Vitamin D is known as the sunshine vitamin. I see this description as twofold, metaphorical and literal. This vitamin is literally produced by the sun. When our skin absorbs sunlight, our bodies turn cholesterol into vitamin D. This could be considered a win, win: less cholesterol, more vitamins. Metaphorically, our days are brighter when we have balanced levels of vitamin D. Majority of Americans are deficient in this vitamin and that has vast consequences for our health, especially our mood. Lower levels of vitamin D allow for an increased risk for depression.

Shorter days mean less sun, which means less serotonin and vitamin D. An increase in melatonin leads to less energy and more sleepiness. Our natural appetite suppressant is lower. I mean, could winter be ruder? This natural cycle leaves us feeling lazy, hungry, and sad.

For years I suffered from debilitating Seasonal Affective Disorder. Some of it had to do with underlying emotional instability and bouts of severe depression. As I now know, a lot of my symptoms occurred naturally from my body chemistry being affected by the season and shorter days. The depressed mood doesn’t happen immediately for me, as soon as the time changes. I usually do not begin to feel the effects until January. With awareness comes tolerance. Having an understanding of what is happening in my body, I am better able to cope with the inevitable depressed mood, low energy, and desire for comfort foods. Understanding means that I am no longer a victim of severe depression.

A healthy, balanced lifestyle is pure magic. Once you find balance in life, you can notice when the scales tip towards imbalance. You become more sensitive to your natural cycle. It’s funny, I used to think that “balance” was a frou-frou word, it had no meaning. How could you acknowledge something that you have never experienced? It was an idea until I did the work to understand it. Now that I live a life in balance, I have to do the minimal work of maintaining it.

The easiest way to combat the effects of SAD is to know that it’s coming. Having awareness of how the cycles of life influence the way you feel and act allows you to mentally prepare and have healthy coping skills ready to go. My favorite coping strategy for wintertime? Grace. I allow myself the space to feel a little bit lazy and honor my low energy levels. We cannot perform at peak every day. I soothe more with comfort foods, even if this means I gain a couple of pounds. I maintain mental and emotional balance by doing the things daily that I know make me feel better, such as meditation, moving my body, and getting outdoors. Although my sessions for these practices may run a bit shorter, I muster the motivation to get them in because the quality of my life relies on these daily practices. I know this about myself.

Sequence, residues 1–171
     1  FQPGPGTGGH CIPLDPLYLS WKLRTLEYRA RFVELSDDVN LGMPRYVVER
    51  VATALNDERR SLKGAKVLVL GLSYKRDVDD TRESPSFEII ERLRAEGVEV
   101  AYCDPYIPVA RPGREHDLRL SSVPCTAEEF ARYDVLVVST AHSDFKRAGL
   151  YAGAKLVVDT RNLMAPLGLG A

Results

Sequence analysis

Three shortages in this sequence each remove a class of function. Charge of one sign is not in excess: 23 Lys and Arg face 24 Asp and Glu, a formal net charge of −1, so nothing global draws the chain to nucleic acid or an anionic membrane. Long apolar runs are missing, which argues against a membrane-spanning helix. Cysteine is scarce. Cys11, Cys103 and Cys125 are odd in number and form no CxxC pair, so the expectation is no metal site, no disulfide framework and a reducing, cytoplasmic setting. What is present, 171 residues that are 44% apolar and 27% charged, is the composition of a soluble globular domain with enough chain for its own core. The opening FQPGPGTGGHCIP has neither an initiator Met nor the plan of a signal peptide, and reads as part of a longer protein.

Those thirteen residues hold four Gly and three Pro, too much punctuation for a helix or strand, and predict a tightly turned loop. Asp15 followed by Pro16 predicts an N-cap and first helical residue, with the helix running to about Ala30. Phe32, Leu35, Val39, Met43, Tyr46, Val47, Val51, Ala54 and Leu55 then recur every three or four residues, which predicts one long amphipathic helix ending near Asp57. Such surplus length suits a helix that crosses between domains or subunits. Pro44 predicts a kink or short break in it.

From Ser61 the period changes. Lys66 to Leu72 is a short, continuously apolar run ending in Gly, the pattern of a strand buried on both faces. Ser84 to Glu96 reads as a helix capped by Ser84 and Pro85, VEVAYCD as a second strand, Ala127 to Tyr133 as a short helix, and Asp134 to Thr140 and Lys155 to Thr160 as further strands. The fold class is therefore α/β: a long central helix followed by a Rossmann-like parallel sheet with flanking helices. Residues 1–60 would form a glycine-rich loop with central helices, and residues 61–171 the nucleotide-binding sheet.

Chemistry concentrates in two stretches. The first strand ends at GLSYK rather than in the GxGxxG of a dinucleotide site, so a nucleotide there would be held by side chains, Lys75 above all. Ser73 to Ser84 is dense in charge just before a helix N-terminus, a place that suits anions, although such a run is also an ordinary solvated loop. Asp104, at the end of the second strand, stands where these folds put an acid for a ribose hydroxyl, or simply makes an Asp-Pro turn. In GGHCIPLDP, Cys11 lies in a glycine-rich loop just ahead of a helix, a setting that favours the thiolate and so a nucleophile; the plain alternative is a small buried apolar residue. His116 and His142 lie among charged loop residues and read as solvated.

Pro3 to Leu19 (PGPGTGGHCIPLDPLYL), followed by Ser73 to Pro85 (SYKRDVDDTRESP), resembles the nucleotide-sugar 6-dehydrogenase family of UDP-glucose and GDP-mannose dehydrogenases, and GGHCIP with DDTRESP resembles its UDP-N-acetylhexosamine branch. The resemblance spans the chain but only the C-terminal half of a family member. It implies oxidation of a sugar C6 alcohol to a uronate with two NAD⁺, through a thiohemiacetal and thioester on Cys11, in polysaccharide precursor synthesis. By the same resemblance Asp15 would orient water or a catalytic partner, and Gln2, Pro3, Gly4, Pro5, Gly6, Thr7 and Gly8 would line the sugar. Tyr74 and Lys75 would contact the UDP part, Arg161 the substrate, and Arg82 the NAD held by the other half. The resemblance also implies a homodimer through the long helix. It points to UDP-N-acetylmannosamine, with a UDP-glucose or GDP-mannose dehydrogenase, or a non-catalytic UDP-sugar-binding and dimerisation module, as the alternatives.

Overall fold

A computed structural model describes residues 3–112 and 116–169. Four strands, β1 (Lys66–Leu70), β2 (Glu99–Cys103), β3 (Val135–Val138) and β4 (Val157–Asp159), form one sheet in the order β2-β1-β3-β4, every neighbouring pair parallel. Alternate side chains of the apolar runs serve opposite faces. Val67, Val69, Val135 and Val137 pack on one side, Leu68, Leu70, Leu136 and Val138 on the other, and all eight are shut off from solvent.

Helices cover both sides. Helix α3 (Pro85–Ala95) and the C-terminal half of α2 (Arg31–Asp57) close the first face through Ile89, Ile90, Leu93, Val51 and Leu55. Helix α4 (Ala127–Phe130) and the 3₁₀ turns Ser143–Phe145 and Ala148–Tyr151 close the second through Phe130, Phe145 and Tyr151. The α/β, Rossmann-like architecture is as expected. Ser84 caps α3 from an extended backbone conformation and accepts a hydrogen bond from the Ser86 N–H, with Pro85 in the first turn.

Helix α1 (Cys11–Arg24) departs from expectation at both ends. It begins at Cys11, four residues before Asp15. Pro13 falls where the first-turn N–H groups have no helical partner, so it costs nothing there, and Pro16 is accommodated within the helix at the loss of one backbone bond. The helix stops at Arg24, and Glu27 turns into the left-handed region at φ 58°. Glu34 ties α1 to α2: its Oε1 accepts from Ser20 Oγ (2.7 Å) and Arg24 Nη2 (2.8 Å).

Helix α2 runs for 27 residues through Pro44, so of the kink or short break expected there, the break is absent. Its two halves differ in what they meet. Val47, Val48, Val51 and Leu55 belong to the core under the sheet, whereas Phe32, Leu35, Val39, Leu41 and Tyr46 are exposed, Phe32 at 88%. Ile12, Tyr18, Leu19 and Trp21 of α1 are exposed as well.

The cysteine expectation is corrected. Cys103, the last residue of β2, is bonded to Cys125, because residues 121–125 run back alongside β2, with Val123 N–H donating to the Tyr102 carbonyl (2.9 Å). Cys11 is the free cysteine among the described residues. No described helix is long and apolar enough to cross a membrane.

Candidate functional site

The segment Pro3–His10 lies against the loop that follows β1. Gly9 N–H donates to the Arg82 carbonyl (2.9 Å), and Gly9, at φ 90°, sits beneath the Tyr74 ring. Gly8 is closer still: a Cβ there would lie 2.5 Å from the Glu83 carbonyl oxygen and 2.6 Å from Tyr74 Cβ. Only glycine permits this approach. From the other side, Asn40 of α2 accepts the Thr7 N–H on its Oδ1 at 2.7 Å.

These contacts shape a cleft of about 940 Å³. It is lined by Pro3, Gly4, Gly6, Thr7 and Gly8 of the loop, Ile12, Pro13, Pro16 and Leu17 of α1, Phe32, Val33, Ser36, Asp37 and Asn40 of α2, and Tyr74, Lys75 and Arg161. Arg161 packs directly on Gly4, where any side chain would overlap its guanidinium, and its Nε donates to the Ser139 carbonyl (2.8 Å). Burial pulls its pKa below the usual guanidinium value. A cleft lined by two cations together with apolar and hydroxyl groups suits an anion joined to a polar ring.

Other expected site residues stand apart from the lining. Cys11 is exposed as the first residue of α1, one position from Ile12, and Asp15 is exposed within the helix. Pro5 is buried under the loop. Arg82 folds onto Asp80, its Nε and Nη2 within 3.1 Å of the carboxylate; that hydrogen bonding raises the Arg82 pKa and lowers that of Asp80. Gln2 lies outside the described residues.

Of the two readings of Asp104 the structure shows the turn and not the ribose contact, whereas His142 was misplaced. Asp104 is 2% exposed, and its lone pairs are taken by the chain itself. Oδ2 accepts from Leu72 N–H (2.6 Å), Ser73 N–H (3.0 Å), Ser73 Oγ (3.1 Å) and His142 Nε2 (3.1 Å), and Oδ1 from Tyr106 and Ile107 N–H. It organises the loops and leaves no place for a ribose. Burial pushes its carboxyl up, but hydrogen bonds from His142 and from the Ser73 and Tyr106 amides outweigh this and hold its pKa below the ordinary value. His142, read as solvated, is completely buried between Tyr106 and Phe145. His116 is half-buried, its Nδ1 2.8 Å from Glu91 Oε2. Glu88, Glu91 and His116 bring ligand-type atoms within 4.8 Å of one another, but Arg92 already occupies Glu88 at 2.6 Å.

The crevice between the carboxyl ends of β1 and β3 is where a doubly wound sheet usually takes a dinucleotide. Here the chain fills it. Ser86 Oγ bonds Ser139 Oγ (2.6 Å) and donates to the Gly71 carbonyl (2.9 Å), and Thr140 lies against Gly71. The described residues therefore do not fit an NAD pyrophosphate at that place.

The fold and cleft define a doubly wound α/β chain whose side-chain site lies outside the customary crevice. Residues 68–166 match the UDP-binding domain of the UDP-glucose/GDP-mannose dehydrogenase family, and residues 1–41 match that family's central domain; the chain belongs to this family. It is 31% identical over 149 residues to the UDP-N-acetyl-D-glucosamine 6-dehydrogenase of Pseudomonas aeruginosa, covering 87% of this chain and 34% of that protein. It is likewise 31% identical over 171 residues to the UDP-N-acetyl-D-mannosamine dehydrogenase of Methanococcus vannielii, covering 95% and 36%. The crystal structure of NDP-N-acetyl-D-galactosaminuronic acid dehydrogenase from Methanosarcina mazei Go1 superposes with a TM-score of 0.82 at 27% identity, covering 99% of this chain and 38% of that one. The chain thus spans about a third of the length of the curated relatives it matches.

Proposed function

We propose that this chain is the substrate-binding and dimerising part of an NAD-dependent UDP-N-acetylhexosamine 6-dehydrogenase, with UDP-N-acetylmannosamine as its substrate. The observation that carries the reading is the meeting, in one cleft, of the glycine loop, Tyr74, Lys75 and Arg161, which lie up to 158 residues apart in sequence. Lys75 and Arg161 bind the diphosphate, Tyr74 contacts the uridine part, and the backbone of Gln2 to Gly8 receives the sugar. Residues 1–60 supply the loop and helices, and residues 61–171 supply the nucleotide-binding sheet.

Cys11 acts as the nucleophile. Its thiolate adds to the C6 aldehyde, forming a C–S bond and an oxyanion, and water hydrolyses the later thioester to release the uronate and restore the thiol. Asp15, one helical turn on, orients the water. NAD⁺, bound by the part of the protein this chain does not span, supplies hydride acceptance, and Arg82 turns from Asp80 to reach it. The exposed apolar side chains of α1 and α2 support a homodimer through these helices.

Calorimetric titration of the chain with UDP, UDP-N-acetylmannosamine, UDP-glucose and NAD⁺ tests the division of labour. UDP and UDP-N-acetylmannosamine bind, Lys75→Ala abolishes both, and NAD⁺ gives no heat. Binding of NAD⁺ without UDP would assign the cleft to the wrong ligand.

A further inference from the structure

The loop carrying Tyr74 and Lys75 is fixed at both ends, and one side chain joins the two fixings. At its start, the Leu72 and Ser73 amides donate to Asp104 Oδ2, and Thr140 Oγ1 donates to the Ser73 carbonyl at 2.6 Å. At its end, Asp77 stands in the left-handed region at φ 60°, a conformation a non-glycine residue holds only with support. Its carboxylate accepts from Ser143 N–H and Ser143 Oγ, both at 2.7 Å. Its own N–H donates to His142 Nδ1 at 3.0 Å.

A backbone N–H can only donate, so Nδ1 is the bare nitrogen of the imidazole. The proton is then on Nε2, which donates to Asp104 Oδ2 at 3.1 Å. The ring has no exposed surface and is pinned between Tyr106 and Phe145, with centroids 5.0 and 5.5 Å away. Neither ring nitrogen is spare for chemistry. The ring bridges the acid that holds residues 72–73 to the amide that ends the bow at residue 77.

While self-awareness and mental preparation are the best defenses for Seasonal Affective Disorder, you could also try light therapy. Some individuals find relief using artificial light. You can purchase a light that simulates sunlight and sit near it for about thirty minutes before the sun comes up. Or, you could create a goal of getting out in the sunshine for fifteen minutes a day. We cannot alter the seasons or the cycles of nature. We can recognize our patterns and responses so that we are better able to handle anything the universe throws at us. Awareness of how we fit in this world and what works for us is pure liberation.

To everything (turn, turn, turn)
There is a season (turn, turn, turn)
And a time to every purpose, under heaven

A time to be born, a time to die
A time to plant, a time to reap
A time to kill, a time to heal
A time to laugh, a time to weep

To everything (turn, turn, turn)
There is a season (turn, turn, turn)
And a time to every purpose, under heaven

A time to build up, a time to break down
A time to dance, a time to mourn
A time to cast away stones, a time to gather stones together

To everything (turn, turn, turn)
There is a season (turn, turn, turn)
And a time to every purpose, under heaven

A time of love, a time of hate
A time of war, a time of peace
A time you may embrace, a time to refrain from embracing

To everything (turn, turn, turn)
There is a season (turn, turn, turn)
And a time to every purpose, under heaven

A time to gain, a time to lose
A time to rend, a time to sew
A time for love, a time for hate
A time for peace, I swear it’s not too late

~ Pete Seeger (1959)

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Natalie Greer

Natalie Greer

Well-being curator + mom + yogi + registered nurse + board-certified nurse health coach — perpetually attempting to capture humanity with language.